Public Safety continues to be one of our highest priorities. We have developed a culture within our police department that is committed to finding creative ways to reduce crime, while also making it a priority to improve the sense of safety throughout our city. We have made great progress, but there is a lot more to do.

The largest increase in this budget proposal is in added police positions, to help us meet and sustain the goals we have in creating a safe community. Our police leadership team will present these proposals to you in detail in upcoming budget meetings.

In the priority area of workforce culture and customer service, we have made tremendous progress. Day after day, we receive feedback from our residents for the quality interaction they have had with city employees. We continue to emphasize the importance of improving our management techniques and training to increase productivity, reduce costs and focus on job satisfaction for our dedicated employees.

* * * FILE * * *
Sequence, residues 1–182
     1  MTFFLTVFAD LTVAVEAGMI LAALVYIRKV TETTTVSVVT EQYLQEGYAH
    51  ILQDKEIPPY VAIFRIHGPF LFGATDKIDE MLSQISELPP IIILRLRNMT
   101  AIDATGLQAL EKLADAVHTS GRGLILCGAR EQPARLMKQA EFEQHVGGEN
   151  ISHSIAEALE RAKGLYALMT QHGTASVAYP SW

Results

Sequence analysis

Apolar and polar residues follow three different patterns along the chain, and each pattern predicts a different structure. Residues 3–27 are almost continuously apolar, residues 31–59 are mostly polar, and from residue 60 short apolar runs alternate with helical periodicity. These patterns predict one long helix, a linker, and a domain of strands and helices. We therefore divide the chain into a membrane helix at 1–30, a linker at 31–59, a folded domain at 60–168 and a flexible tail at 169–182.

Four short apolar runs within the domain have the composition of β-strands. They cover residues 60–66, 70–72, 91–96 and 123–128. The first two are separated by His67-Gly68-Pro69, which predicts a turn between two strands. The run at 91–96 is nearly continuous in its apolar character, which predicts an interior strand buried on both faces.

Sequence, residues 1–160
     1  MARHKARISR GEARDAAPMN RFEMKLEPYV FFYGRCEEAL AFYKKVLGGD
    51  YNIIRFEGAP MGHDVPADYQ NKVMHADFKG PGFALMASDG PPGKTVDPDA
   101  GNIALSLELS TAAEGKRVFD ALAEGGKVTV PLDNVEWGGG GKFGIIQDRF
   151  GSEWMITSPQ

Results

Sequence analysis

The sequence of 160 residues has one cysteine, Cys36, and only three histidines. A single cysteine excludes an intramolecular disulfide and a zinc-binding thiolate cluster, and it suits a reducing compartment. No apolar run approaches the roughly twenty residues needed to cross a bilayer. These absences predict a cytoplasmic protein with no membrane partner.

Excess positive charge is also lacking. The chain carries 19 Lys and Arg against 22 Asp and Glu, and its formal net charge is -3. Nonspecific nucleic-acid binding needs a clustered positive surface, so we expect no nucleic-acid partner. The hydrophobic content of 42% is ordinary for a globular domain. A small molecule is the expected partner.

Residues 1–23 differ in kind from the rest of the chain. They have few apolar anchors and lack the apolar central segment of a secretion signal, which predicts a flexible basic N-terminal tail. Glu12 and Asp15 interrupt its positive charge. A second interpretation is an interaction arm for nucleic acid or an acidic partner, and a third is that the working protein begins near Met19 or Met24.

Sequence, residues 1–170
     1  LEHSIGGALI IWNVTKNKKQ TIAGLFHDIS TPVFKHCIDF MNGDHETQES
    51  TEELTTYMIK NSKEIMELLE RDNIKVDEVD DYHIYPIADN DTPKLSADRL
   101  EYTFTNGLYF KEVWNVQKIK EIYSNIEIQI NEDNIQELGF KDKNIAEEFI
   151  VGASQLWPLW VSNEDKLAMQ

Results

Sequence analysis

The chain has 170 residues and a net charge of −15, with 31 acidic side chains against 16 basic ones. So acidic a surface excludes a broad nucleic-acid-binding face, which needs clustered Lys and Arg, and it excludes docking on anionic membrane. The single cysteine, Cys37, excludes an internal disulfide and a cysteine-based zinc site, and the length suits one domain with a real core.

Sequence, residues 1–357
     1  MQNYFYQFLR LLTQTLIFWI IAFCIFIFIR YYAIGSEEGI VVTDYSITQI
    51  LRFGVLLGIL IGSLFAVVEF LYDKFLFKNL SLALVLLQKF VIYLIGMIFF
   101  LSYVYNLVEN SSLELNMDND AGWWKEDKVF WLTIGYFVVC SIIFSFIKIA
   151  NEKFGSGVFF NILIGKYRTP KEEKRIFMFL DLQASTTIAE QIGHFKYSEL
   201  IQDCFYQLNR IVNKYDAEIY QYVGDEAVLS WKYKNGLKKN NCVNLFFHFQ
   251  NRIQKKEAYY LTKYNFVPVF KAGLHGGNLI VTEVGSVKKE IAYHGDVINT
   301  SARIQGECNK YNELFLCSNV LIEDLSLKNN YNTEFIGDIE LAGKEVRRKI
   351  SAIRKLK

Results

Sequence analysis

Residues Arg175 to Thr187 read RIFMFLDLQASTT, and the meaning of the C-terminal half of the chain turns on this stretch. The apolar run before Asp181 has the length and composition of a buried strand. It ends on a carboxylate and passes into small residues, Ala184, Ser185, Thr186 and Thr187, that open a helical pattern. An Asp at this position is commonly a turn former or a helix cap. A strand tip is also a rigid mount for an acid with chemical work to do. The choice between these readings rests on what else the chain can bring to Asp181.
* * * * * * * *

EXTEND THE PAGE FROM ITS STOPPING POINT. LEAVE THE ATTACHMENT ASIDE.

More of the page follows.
Improving and nurturing a quality of life in our community drives everything we do. Departments work together to find solutions to ongoing issues, from code enforcement to impacts from homelessness. Our employees are committed to providing quality service to our customers – the tax payers of this city.

Maintaining a focus on efficiency and innovation has allowed us to provide levels of service that our residents deserve, while also operating within our financial means.

The balanced budget I’m presenting to you this evening for 2017 and 2018, has expenditures of $476 million. $196 million of this amount is the General Government fund used for police, parks, street repair, and other city services.